WASHINGTON — A proposed interstate highway directly connecting Las Vegas and Reno won a major boost Tuesday when key lawmakers formally announced a compromise on a huge five-year transportation bill authorizing funding for the nation’s highway, bridge, transit and rail programs.
Language on the Interstate 11 extension has been a top transportation goal for members of the Nevada delegation.
While the Fixing America’s Surface Transportation Act is an authorization bill and does not provide specific funding for the proposed project, the language in the measure advances the current priority designation of I-11 from Phoenix to Las Vegas north and beyond from Las Vegas to Interstate 80 along the U.S. 95 corridor, 200 miles of which runs through Nye County.
Meg Ragonese, public information officer for the Nevada Department of Transportation, said the new road will meet interstate standards “at a minimum.” She said that means the road will be at least four lanes wide and include a divider, which could be made up of space or a railing.
The American Association of State Highway and Transportation Officials has higher design standards for interstate highways than U.S. and state highways, including:
*Controlled access with interchanges and grade separations, including railroad crossings.
*A minimum of two lanes in each direction.
*A minimum lane width of 12 feet.
*A minimum outside paved shoulder of 10 feet and minimum inside paved shoulder of 4 feet.
*Maximum grades of 6 percent, with some exceptions of 7 percent in mountainous areas.
*Vertical clearance of 16 feet in rural areas and 14 feet in urban areas on overpasses.
Sen. Dean Heller, R-Nev., described the I-11 provisions in the act a “major win” for the state.
“Connecting Phoenix, Las Vegas, and Northern Nevada will spur long-term economic development, create jobs, and bolster international trade,” Heller said.
Rep. Cresent Hardy, R-Nev., a member of the House Transportation and Infrastructure Committee who served on the conference committee that produced the compromise bill, said the agreement “underlines the need for long-term transportation planning and improvement projects.”
“I was a contractor for decades in my professional life,” he said.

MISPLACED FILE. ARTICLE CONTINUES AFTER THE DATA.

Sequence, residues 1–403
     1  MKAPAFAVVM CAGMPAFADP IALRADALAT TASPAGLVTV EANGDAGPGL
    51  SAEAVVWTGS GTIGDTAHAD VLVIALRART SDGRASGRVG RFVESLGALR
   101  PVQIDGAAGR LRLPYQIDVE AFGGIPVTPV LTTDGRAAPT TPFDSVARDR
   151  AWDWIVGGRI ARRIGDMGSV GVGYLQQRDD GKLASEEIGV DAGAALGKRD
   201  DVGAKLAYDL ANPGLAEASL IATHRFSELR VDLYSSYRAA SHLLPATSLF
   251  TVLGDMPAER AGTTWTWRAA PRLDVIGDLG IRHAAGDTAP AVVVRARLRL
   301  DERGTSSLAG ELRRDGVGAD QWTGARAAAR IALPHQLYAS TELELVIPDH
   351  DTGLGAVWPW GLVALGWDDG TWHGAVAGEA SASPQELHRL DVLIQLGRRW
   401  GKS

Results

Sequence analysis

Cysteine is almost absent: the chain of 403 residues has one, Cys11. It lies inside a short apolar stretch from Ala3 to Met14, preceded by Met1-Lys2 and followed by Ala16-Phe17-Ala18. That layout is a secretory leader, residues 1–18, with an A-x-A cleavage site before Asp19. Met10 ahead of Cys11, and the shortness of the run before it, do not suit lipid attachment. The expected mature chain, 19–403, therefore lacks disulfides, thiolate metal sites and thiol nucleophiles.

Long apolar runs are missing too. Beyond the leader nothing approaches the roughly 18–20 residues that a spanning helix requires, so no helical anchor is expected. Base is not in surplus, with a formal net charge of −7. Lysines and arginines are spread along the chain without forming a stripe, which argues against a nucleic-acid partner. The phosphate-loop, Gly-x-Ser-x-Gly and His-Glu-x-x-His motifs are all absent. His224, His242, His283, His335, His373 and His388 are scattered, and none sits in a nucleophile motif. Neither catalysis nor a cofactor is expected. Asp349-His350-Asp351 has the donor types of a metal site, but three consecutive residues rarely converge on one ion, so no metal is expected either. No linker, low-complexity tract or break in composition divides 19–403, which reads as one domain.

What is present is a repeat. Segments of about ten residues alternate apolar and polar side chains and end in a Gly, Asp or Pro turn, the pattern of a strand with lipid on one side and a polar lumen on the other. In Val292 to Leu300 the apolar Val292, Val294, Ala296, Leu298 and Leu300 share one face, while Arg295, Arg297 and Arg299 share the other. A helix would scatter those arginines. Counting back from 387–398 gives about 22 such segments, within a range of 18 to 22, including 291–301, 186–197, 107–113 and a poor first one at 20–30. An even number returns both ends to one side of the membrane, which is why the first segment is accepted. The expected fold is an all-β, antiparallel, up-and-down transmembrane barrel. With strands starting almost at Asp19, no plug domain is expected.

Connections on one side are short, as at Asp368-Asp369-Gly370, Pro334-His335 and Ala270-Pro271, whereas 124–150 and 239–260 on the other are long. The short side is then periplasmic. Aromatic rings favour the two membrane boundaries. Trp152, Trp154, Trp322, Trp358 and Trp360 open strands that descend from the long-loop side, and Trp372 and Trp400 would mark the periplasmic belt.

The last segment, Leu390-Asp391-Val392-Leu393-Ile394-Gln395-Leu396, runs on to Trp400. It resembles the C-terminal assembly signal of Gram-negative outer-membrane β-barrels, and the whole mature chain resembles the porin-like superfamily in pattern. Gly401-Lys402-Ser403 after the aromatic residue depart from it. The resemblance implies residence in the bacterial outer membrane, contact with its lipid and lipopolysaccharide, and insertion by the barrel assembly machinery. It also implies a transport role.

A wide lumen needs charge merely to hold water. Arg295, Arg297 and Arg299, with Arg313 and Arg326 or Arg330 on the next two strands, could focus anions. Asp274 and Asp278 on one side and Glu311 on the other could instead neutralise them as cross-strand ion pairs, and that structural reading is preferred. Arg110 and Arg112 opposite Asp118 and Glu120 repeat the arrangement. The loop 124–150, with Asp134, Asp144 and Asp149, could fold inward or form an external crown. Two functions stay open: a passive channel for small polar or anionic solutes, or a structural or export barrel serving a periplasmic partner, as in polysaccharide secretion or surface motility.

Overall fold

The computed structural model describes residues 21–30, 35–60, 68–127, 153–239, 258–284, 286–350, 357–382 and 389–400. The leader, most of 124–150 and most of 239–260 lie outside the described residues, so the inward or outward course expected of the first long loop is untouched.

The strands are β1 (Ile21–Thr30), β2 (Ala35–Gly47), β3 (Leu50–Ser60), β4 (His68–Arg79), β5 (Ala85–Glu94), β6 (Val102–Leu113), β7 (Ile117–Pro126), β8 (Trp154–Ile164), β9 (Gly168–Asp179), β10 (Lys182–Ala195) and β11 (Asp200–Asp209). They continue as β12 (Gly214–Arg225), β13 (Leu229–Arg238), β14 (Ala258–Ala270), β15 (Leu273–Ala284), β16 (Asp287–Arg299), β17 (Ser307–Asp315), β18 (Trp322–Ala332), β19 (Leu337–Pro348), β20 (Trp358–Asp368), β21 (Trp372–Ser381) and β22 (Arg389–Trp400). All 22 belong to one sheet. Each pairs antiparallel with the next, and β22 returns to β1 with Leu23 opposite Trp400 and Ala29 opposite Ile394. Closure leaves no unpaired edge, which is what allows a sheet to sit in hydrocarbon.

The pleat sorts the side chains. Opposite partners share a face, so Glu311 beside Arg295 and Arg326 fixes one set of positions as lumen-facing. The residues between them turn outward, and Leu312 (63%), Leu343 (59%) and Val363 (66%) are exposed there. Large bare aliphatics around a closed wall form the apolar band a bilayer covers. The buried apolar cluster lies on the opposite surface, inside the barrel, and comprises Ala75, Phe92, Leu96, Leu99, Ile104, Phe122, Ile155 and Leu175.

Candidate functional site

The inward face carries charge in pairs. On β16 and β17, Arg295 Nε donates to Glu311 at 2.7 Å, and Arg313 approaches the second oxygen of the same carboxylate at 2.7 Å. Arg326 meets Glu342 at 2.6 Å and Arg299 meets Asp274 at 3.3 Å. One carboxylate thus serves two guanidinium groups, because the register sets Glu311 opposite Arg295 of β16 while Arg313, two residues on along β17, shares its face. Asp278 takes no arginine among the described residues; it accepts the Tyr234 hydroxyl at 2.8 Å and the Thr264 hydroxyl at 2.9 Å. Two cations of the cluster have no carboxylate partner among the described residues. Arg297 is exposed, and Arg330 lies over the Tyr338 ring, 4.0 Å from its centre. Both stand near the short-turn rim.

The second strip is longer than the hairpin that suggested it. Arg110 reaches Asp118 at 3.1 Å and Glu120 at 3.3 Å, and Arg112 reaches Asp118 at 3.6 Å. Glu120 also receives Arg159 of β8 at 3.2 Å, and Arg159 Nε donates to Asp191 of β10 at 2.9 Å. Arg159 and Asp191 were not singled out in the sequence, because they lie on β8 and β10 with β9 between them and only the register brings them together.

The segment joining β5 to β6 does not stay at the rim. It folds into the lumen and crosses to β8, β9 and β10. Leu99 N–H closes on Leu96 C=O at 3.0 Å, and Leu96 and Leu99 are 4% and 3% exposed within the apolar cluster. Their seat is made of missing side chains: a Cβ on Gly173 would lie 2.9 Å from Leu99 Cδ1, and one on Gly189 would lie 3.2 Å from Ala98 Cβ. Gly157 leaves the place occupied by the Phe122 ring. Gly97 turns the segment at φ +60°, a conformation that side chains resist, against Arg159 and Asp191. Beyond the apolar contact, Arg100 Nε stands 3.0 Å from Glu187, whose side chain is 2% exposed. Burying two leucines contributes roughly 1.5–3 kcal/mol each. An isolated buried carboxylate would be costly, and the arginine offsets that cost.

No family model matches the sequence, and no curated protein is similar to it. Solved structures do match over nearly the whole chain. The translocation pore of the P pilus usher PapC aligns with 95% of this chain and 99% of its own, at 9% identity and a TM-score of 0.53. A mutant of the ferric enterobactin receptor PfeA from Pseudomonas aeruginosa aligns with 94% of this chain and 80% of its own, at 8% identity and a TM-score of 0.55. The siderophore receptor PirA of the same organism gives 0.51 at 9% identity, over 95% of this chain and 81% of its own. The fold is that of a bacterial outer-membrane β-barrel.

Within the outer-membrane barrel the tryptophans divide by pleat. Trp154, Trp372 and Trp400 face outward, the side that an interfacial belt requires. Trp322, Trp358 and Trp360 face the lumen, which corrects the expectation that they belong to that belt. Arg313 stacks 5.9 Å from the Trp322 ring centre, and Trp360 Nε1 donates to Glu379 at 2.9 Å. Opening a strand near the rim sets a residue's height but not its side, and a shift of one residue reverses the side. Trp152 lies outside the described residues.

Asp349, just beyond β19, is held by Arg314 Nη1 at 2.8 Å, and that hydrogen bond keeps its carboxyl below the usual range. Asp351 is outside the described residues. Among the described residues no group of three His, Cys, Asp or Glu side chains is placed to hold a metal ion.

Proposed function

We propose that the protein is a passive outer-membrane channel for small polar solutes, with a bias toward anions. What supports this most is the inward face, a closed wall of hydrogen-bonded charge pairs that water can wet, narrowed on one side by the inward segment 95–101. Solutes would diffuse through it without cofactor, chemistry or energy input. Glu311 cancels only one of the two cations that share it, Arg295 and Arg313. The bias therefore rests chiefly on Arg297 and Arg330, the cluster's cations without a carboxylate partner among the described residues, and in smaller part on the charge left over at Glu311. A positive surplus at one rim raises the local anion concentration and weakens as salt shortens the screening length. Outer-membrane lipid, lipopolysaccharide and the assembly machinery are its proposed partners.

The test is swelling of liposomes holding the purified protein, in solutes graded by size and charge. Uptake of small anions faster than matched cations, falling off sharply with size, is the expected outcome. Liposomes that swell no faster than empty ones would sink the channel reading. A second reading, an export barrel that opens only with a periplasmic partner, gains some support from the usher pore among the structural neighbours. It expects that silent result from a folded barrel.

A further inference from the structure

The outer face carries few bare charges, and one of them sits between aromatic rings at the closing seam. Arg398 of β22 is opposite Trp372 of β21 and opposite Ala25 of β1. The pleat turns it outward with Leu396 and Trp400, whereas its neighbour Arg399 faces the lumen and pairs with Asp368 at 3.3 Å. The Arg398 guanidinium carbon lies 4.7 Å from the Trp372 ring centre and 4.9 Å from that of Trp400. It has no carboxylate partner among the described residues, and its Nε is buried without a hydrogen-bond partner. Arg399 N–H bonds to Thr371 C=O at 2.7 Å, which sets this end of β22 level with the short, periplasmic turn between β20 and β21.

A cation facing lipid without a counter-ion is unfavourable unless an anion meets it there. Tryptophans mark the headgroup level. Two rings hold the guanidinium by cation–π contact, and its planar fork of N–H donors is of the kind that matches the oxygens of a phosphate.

Hardy’s office also provided comments from Tina Quigley, general manager for the Regional Transportation Commission of Southern Nevada.
“This is huge for us,” Quigley said.
“We are growing increasingly aware that we need to diversify our economy in Southern Nevada. I-11 is the future for us to be able to do that in terms of more effectively moving both goods and people,”
Rep. Dina Titus, D-Nev., chairwoman of the I-11 Caucus, also singled out the measure for authorizing a new Nationally Significant Freight and Highway Projects program that she said could help fund I-11.
“Our federal transportation programs are vital to the economic development of the Las Vegas Valley,” said Titus, a member of the House Transportation and Infrastructure Committee.
She said other provisions she sponsored to enhance travel and tourism and promote safety for pedestrians and other non-motorized users were included in the compromise version.
Heller also singled out language ensuring that Nevada and California communities in the Lake Tahoe area will be considered as a singular entity by the U.S. Department of Transportation, which could boost funding options for future projects.
A long-awaited bill following multiple temporary extensions that kept the federal transportation programs funded, the compromise version is designed to provide long-term certainty for state agencies.
Its offsets are expected to raise more than $70 billion to help the Highway Trust Fund, which receives its money from fuel taxes, remain solvent through the end of fiscal year 2020.
Those offsets range from the sale of crude oil from the Strategic Petroleum Reserve and indexing user fees collected by the U.S. Customs service to changes to dividend payments the Federal Reserve makes to member banks.
Legislative leaders are hoping to schedule floor debate and votes in the coming days on the bill, which historically has been popular with rank-and-file lawmakers.
Not everyone was ready to support the compromise version.
Camden Fine, president and CEO of the Independent Community Bankers of America, expressed opposition to using the banking sector to paying for the bill.
Sen. Tom Carper, D-Del., a senior member of the Senate Environment and Public Works Committee, said the bill is paid for by a “grab bag of budget gimmicks.”
Review-Journal writer Richard N. Velotta contributed to this report. Contact Jim Myers at email@example.com. Find him on Twitter: @myers_dc